a pivot beam rotatably coupled to said housing, wherein said pivot beam is operatively engaged with said trigger mechanism so that rotation of said trigger mechanism by pulling said trigger urges said pivot beam to rotate;
a cable catch rotatably coupled to said housing at a pivot point, and wherein said cable catch is adapted to rotate about said pivot point between an uncocked position and a cocked position;
a floating sear rotatably coupled to said cable catch at a sear pivot wherein said floating sear is adapted to translate with the rotation of said cable catch around said pivot point and wherein said floating sear is also adapted to rotate relative to said cable catch around said sear pivot;
a safety mechanism, wherein said safety mechanism is movable between an engaged position and a disengaged position; and,
wherein said cable catch may be rotated from said uncocked position to said cocked position while said safety mechanism is in said engaged position.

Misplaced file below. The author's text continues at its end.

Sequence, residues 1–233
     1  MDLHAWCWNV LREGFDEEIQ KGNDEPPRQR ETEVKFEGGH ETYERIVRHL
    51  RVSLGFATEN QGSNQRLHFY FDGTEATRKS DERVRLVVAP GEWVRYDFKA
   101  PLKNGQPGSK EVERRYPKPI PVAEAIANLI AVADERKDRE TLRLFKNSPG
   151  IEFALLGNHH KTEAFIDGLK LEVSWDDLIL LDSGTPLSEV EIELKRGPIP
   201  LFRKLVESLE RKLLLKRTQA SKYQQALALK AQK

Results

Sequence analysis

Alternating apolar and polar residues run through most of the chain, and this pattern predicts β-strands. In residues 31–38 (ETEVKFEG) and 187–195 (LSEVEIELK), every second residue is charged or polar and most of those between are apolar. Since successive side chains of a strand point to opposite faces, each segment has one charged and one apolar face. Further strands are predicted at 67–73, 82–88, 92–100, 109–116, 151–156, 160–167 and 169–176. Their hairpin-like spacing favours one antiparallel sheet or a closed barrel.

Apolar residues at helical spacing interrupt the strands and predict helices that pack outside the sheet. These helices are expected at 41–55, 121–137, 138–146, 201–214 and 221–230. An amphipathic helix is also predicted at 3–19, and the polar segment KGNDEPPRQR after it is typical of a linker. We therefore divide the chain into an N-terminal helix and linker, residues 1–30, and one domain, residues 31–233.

13. The crossbow trigger assembly of claim 12, wherein said safety mechanism is positioned so that a user may move said safety mechanism between said engaged position and said disengaged position with one hand while keeping the hand adjacent the trigger.
14. The crossbow trigger assembly of claim 12, wherein rotation of said cable catch into said cocked position when said bowstring cable is received in said cable catch causes said safety mechanism to move into said engaged position.
15. The crossbow trigger assembly of claim 12, wherein said safety mechanism includes a safety bar defining an opening.